comparison with other stored security state mechanisms [was: Re: Sharing Trust Policy between Crypto Libraries]

Gabor Toth tg at
Fri Feb 15 08:41:19 PST 2013

>>>>> On Thu, 14 Feb 2013 23:33:19 +0100, Stef Walter <stefw at> said:

> The main problem we're trying to solve is that the current situation
> with absolutely no sharing of trust policy between applications and
> crypto libraries on Linux is untenable. It's something we need to solve.
> We can solve it in two ways:

>  * An incremental approach, such as using stapled certificate
>    extensions.
>  * A rewrite all the verification algorithms approach.

> I'm unable to embark on the latter. The perfect is the enemy of the
> good. What we have is so *bad* that we can't wait for perfect to
> magically appear. It hasn't in the last decade and a half, although
> there have been some attempts

Can you point me to such attempts? Where did they fail?

> In addition I'm not trying to provide stop energy for you and/or others
> (listening or not) to go ahead and implement a perfect solution, with
> shared verification X.509 implementation, and so on. Please do go ahead.
> In fact I would be overjoyed if you were to pull it off, even if it
> means this (or other) work would be superseded or discarded.

> FWIW, much (most?) of Apple's security code is open source and could be
> ported. In fact I looked at doing that a while back when thinking about
> the problems of the multiple crypto libraries on Linux. But I got scared
> away by the nearly million lines of code involved. Others may be bolder
> than I.

I really want to see pinning functionality available to all applications, which
requires modifying the verification process, and can't be done with just stapled

I've started working on a library which implements local/TOFU pinning (PoC code
is at git://

This could also support other pinning protocols, providing storage and
verification functionality for them, and a higher-level
verify(chain, host, proto, port) function that checks all available pinning
protocols would be desirable as well.

Such a solution needs to be integrated with existing certificate verification
functionality, which also includes handling certificate overrides, so that
certain error codes of the verification function could be ignored on a per-peer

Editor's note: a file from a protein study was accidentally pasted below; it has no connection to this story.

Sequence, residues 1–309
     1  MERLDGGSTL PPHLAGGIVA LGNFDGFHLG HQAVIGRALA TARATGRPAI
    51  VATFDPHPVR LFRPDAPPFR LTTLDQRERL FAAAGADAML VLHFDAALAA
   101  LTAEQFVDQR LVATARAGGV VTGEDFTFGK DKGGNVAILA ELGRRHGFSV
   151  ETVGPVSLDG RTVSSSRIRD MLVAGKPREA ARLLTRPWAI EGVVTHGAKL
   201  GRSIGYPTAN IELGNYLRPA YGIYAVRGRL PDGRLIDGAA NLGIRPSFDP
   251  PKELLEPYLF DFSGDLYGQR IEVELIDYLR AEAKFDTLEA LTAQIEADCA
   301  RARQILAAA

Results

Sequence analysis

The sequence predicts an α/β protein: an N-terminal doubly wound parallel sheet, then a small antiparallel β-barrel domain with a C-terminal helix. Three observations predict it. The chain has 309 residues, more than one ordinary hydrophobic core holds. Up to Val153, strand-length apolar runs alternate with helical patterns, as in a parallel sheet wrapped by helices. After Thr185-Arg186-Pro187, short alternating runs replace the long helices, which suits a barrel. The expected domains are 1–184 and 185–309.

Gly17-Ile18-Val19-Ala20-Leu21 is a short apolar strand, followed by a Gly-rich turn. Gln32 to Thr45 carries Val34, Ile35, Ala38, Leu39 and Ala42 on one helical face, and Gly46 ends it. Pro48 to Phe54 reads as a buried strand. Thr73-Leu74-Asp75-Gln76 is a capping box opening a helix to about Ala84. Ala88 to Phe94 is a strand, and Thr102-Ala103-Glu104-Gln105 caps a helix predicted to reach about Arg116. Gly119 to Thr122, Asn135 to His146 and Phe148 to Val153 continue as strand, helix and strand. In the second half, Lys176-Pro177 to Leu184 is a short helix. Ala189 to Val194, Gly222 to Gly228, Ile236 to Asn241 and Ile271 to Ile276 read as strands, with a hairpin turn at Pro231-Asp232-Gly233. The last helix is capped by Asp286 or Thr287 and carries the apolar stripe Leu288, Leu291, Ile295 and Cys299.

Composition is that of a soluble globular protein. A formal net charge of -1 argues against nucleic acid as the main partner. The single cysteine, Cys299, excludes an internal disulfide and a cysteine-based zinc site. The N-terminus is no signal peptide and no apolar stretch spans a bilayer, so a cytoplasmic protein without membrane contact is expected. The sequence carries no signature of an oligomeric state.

Performing verification could be done with functionality provided by an existing
implementation, with trust anchors supplied either by a pinning protocol or
otherwise by the shared system trust store. In both cases first all certificates
from the chain would be checked against a blacklist from the shared trust
store. When the verification returns with error flags, the override database is
consulted to determine which error conditions can be ignored.

>>> But the main problem with using this approach essentially necessitates a
>>> complete rewrite of all certificate validation logic, and is not easy to
>>> retrofit on existing crypto libraries. Likely this would be done in the
>>> context of combining all the X.509 certificate logic into a single
>>> implementation and having the libraries call into it.

This is what libpkix tries to do already as I see, or do you see any problems
with that approach? Perhaps integrating pinning functionality there would make
sense, if it can be used as a general X.509 validation library available to all
applications. GnuTLS also implements validation functionality that could be
used, but not sure how complete it is and how it compares with other
implementations. Using a separate validation library together with existing TLS
libraries would not be a problem, it's just the matter of converting the
certificate chain data structure used by the TLS library to the format used by
the validation library. In this case integration could happen at the application
level, or at the TLS abstraction layers provided by Qt or glib-networking.

>>> On 14.02.2013 00:46, Ryan Sleevi wrote:
>> For trust anchor management, yes. But you've introduced the notions of
>> pinning leafs as part of a TOFU (eg: Mozilla's "remember exception"),
>> and I'm trying to highlight that the problem space is not the same as
>> the TAMP setup - unless you're explicitly marking the leaf as a TAMP,
>> which throws out the rest of the verification model entirely (because
>> you don't verify attributes on anchors).

>> Regardless of the idealism, I think you will find, even with NSS, that
>> this would require rewriting many applications, and from what I
>> understand of the proposal (which may be mistaken), is not something
>> that will likely prove to be 'easy' to retrofit onto libpkix (or the
>> 'legacy' verification, which is still what Firefox uses). For trust
>> anchor inputs, yes, but if the notion is to add overrides for
>> intermediates, that's further messier (especially when layered with
>> multiple sources for attribute overrides).

If we want to make it really precise, ignored error codes would be associated
with a specific certificate in the chain, and a specific peer. This allows for
overriding problems with intermediaries as well.

Thinking about it more, pinning the end entity certificate for this purpose
would not be that appropriate, as later changes in trust anchors could alter the
verification result, making an overridden certificate invalid for a different reason.
Storing allowed error conditions would be a better solution that can also be
used together with pinning, as I described above.


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